The Truth about Dads

On the outside, dads are like steel. Anodized steel to be exact. But way down, deep inside, they’re all mush. Every last one of them. Show me any cantankerous, tough as nails, testosterone-driven Neanderthal, and I’ll show you his softer side—and we needn’t even be near a Sears Department Store.

For some unknown reason, back when the rules of life were written, people got the harebrained idea that men, and little boys who would eventually grow to become men, weren’t supposed to show any signs of sensitivity. Period. They were expected to go through life as no-nonsense, rough-and-tumble, insensitive, emotionless creatures capable only of fathering children, providing for and protecting their families, fighting wars, shoveling snow and fixing whatever happened to be broken around the house. Most of them could also be counted on for lugging heavy stuff here and there—which isn’t such a bad thing.

Any man worth his salt developed a callous exterior by the time he could vote, which was sure to shield him from whatever touchy-feely stuff life threw his way. This protective shell served not only to keep things from getting in, but also to prevent seepage of emotions to the world outside. Surely the sky would have fallen if anyone had ever discovered that men had feelings. Look out, Chicken Little!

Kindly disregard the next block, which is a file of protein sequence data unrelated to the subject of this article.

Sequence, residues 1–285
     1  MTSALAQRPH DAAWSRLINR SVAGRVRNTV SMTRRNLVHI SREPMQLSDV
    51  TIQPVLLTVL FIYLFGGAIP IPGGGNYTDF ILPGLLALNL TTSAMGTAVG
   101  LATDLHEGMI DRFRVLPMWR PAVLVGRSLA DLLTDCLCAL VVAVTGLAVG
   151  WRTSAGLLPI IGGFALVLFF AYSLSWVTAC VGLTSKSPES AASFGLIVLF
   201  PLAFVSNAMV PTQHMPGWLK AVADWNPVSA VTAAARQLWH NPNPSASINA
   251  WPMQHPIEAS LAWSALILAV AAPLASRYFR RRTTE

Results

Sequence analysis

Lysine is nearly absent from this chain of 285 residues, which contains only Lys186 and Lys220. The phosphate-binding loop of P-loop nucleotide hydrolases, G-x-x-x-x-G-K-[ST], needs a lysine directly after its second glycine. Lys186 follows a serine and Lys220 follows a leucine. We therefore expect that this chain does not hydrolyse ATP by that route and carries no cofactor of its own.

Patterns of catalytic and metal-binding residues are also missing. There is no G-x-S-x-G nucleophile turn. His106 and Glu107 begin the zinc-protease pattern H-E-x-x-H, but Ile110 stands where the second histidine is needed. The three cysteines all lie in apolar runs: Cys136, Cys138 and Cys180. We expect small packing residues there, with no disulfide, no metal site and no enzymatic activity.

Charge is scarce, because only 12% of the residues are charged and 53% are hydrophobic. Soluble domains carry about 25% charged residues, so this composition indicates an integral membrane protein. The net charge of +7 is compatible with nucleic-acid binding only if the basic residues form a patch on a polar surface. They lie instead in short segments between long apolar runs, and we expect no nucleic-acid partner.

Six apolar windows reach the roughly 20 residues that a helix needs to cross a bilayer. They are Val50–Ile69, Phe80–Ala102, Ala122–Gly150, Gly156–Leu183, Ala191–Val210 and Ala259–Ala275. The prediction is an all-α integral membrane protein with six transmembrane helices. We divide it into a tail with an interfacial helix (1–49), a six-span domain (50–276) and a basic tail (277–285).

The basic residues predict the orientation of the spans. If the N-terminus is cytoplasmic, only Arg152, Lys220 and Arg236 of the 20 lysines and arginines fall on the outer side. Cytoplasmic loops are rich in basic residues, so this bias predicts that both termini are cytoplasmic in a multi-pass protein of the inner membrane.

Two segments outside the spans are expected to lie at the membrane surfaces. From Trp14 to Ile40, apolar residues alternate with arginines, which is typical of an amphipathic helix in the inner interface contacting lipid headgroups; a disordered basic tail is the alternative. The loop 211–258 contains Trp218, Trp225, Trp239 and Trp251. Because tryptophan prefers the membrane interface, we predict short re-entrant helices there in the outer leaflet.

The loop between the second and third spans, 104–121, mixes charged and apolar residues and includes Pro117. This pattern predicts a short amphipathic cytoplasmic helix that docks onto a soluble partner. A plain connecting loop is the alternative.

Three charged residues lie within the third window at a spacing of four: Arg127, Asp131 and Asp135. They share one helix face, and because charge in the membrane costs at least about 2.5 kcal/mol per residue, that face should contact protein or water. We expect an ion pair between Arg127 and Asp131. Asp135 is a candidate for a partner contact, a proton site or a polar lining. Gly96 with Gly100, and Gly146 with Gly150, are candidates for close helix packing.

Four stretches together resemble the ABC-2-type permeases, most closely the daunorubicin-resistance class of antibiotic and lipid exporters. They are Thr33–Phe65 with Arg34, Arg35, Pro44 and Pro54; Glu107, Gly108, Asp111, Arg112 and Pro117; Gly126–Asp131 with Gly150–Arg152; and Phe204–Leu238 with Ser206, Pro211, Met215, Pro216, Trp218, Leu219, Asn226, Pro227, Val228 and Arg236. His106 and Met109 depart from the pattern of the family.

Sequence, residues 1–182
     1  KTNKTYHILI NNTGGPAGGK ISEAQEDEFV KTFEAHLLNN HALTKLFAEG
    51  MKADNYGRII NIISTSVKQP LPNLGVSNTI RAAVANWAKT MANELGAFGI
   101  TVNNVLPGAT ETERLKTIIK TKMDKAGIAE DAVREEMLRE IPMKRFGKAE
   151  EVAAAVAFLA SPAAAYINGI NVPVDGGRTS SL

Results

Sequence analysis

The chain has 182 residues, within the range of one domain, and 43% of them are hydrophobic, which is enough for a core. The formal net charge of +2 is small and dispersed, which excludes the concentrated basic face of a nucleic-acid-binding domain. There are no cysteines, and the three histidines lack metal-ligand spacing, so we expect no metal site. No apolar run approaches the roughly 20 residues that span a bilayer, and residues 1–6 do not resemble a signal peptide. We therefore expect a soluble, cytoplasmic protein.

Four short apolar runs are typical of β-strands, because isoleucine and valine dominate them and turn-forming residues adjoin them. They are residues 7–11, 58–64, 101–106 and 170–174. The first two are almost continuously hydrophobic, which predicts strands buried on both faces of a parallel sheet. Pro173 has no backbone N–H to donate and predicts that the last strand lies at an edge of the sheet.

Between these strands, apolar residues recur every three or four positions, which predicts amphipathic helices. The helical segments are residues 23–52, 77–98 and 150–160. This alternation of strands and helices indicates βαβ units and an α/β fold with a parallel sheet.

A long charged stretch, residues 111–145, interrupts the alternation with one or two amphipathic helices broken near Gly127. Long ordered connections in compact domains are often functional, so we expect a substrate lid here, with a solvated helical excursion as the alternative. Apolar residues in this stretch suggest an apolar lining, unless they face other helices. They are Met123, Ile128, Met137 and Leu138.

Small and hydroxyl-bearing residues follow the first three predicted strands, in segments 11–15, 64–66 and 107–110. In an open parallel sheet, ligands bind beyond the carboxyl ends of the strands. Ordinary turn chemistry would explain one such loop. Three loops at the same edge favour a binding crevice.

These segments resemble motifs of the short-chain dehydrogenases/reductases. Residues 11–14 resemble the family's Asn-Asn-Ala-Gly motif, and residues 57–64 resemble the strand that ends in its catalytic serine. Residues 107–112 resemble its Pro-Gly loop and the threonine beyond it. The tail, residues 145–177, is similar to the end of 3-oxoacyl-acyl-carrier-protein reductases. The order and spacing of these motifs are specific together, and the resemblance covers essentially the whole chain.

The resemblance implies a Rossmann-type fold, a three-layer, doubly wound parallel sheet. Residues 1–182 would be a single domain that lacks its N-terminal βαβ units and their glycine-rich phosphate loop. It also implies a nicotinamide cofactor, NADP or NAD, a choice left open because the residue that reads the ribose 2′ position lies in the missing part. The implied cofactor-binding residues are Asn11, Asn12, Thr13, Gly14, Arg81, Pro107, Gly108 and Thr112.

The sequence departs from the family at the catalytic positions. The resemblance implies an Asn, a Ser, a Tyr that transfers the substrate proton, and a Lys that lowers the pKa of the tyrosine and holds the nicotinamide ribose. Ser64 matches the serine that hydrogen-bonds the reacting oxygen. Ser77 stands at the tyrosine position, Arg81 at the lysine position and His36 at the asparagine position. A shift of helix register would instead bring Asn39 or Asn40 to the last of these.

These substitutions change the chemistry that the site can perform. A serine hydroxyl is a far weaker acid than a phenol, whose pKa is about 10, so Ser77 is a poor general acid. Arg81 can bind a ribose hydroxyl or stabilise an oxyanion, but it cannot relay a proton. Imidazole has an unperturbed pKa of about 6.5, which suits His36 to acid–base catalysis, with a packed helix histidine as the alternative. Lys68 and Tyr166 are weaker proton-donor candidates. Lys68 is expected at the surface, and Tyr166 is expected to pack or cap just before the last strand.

Unfortunately, as I look around even today, a lot of men still play by these silly unwritten rules. They obsess over what others may think of them and worry about appearing weak or unmanly if a mere smidgeon of sensitivity spills out. They refuse to allow themselves to blubber during movies, to whimper at weddings, to sob over sprained ankles or to bawl over breakups. Even crying over spilled milk is deemed unacceptable. Furthermore, should any man under any circumstances ever admit to “needing a good cry,” immediate banishment from the He-man Woman Haters Club would undoubtedly result. I just don’t get it. It must be “a guy thing.” At least women have enough sense to cry it out once in a while—or to gorge on chocolate.

Of course, all the real men (lovers and haters of quiche alike), who have adopted these impossible societal standards as their own, can’t fool me. I know the real score. Those hardened exteriors, seemingly impervious to anything and everything, are capable of melting away, layer by layer.

Watch closely as men become fathers. Their stone-like barriers soften as they

provide comfort and support for their wives during pregnancy and childbirth, as they hold their wriggly newborns, kiss their boo-boos and sweep monsters from beneath their beds. As they teach their children to cross streets, throw a ball and balance a two-wheeler dads often beam with pride. They give so much of themselves as they read to them, listen to them and answer their endless questions. They rarely refuse a requested piggy-back or horsie ride and they know no bounds when it comes to making faces, singing silly songs or holding tea parties with imaginary guests. Eventually, their true colors come out whether or not they want the world to see.